What if we wanted to allow the user to find contacts who’s birth date falls within a specific range? Let’s create a query that filters by date range but this time we will specify the Source of the query be the SortedContacts query. Right-click on the Contacts entity and choose “Add Query” to open the Query Designer again. Name the query “ContactsByBirthDate” and then select “SortedContacts” in the Source drop down on the top right of the designer.
Now the query is sorted but we need to add a filter condition. Defining filter conditions can take some practice (like designing a good data model) but LightSwitch tries to make it as easy as possible while still remaining powerful. You can specify fairly complex conditions and groupings in your filter, however the one we need to define isn’t too complex. When you need to find records within a range of values you will need 2 conditions. Once that checks records fall “above” the minimum value and one that checks records fall “below” the maximum value.
So in the Query Designer, click “+ Add Filter” and specify the condition like so:
the BirthDate property
is greater than or equal to
Then select “Add New” to add a new parameter.
The parameter’s name will default to “BirthDate” so change it to MinimumBirthDate down in the Parameters section.
Similarly, add the filter condition for “Where the BirthDate property is less than or equal to a new parameter called MaximumBirthDate”. The Query Designer should now look like this:
One last thing we want to think about with respect to parameters is whether they should be required or not. Meaning must the user fill out the filter criteria parameters in order to execute the query? In this case, I don’t want to force the user to enter either one so we want to make them optional. You do that by selecting the parameter and checking “Is Optional” in the properties window.
Okay now let’s use this query for our Browse Screen. Instead of creating a new screen and selecting this global query, we can change the current query we’re using on the Browse Contacts screen we created in Part 3. Open the screen, select the Contacts query on the left, then change the Query Source to Contacts By Birthdate. LightSwitch will only let us select from queries that return contacts, or the entity itself.
Once we do this you will see the parameters we need automatically added to the screen’s view model and bound to the new query’s parameters (indicated by a grey arrow). Delete the previous screen parameter (FindContact) from the view model, drag the new parameters onto the screen where you want them, and then change the controls to Date Picker controls. I also added the BirthDate field into the List and changed the List control to a Tile List.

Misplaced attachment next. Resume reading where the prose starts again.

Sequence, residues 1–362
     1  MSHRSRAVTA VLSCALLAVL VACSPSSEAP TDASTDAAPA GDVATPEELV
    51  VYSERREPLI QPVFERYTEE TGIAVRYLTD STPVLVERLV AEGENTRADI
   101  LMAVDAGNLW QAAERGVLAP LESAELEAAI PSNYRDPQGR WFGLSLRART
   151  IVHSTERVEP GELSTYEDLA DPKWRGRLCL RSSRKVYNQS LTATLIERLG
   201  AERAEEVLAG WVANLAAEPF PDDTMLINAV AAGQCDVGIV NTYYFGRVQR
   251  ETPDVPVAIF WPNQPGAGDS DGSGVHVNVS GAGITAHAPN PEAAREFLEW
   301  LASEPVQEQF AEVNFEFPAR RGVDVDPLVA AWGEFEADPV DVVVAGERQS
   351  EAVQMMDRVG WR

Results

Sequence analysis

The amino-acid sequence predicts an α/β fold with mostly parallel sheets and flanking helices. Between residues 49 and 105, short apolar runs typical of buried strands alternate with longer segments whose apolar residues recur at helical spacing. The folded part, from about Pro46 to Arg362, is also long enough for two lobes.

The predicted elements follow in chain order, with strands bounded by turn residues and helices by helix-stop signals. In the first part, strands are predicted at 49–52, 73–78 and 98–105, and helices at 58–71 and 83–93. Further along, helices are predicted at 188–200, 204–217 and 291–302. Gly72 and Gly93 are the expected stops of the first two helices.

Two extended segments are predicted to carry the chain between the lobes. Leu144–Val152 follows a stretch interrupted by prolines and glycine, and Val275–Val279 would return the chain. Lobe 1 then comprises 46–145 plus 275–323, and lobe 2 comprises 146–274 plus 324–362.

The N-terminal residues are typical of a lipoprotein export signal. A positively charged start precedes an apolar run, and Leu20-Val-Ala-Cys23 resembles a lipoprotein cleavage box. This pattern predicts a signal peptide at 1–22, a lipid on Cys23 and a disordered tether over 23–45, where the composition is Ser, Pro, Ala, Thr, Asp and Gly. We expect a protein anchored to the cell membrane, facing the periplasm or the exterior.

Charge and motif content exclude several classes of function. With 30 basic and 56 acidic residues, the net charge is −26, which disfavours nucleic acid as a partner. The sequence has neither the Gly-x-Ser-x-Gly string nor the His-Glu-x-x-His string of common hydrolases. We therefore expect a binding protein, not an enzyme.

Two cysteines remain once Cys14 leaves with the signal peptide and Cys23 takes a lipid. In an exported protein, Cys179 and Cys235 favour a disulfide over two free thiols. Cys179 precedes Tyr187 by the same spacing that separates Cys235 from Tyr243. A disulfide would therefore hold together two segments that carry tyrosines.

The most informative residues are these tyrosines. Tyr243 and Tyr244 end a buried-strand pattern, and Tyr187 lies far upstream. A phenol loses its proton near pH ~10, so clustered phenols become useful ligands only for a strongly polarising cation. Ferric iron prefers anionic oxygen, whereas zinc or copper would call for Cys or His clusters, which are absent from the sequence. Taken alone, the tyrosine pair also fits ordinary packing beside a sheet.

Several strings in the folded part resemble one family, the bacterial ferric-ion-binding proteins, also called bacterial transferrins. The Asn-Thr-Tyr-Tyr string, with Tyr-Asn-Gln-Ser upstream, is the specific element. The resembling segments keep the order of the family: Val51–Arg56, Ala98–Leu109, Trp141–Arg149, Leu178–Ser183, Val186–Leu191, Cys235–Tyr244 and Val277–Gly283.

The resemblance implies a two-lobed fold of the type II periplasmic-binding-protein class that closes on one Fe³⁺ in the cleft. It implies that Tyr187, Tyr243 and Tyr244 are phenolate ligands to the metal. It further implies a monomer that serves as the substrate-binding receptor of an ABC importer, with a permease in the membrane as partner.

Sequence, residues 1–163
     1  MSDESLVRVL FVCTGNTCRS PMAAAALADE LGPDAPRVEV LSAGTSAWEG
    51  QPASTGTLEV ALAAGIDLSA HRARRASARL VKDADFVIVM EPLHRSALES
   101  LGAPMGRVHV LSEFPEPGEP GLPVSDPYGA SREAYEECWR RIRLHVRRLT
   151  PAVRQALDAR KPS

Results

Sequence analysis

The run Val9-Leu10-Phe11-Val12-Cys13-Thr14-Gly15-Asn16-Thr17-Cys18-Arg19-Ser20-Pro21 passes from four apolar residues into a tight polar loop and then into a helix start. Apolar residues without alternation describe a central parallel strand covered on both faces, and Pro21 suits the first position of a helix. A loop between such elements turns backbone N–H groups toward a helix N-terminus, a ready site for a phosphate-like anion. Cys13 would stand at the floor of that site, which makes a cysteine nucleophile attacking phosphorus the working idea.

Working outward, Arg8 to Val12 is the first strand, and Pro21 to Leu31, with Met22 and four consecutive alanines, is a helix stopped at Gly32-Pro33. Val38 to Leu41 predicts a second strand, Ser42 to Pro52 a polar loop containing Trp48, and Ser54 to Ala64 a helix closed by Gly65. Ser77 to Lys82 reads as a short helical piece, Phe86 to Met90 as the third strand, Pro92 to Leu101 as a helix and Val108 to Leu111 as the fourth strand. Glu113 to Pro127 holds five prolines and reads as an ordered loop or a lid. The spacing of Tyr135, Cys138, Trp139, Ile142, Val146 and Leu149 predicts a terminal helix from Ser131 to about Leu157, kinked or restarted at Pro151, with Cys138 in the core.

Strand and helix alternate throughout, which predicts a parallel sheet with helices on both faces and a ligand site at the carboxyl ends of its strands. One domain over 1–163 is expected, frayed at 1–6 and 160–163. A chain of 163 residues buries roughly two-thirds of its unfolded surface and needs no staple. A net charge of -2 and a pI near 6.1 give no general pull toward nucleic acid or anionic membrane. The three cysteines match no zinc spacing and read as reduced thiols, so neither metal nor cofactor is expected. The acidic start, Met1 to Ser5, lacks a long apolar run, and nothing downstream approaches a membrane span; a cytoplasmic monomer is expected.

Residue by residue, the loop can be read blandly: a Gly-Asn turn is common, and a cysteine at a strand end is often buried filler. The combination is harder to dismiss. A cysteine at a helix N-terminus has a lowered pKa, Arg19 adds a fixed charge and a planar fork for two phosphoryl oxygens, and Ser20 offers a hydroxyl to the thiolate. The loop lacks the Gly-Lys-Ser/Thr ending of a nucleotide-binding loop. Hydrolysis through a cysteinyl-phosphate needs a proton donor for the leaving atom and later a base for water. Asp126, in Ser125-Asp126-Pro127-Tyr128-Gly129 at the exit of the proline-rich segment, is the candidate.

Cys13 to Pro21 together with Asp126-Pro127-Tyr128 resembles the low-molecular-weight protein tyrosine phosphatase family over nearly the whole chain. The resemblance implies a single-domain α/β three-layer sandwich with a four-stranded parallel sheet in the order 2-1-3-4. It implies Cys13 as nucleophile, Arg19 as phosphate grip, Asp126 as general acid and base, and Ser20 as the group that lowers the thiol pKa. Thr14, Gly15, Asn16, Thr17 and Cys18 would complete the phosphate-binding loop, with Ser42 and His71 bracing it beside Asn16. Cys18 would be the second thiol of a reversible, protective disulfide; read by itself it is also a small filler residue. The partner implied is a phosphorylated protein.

Hit F5 to build and run the application. Notice the contacts are still sorted in alphabetical order on our browse screen but you see fields at the top of the screen that let us specify the birth date range. Since both of these parameters are optional, users can enter none, one, or both dates and the query will automatically execute correctly based on that criteria.
Quick tip for small form factors (or you have a lot of optional parameters). If most of your users will be using smaller devices like mobile phones, you probably want to conserve precious space on the screen. Or maybe you want a separate screen if you have a lot of optional parameters. Instead of putting the parameter fields above the list, we can put them in a popup instead. While the app is running in debug, flip to the screen designer. Add a Popup by clicking on the Popups node, name it “Filter” in the properties window and then drag the parameters into it.
Then add a button into the Command Bar that shows the Popup (this will be automatically selected, so just click OK on the Add Button dialog).
You can also set the icon of the newly added “Show Filter” button to a Filter icon using the properties window. When you’re done tweaking the screen designer, save all your files and then refresh your browser. You will now see a button in the command bar for filtering contacts. (Also notice that the Tile List will display as a normal List on smaller form factors.)
As you can see using queries with parameters like this allows you to perform specialized searches. When creating new screens with queries as the basis of screen data, LightSwitch will automatically look at the query’s parameters and create the corresponding screen parameters and controls. If you’re changing queries on existing screens, LightSwitch will create the corresponding screen parameters bound to the query parameters for you in your view model. Either way, you can display them exactly how you want to the user using the screen designer.
Querying Related Entities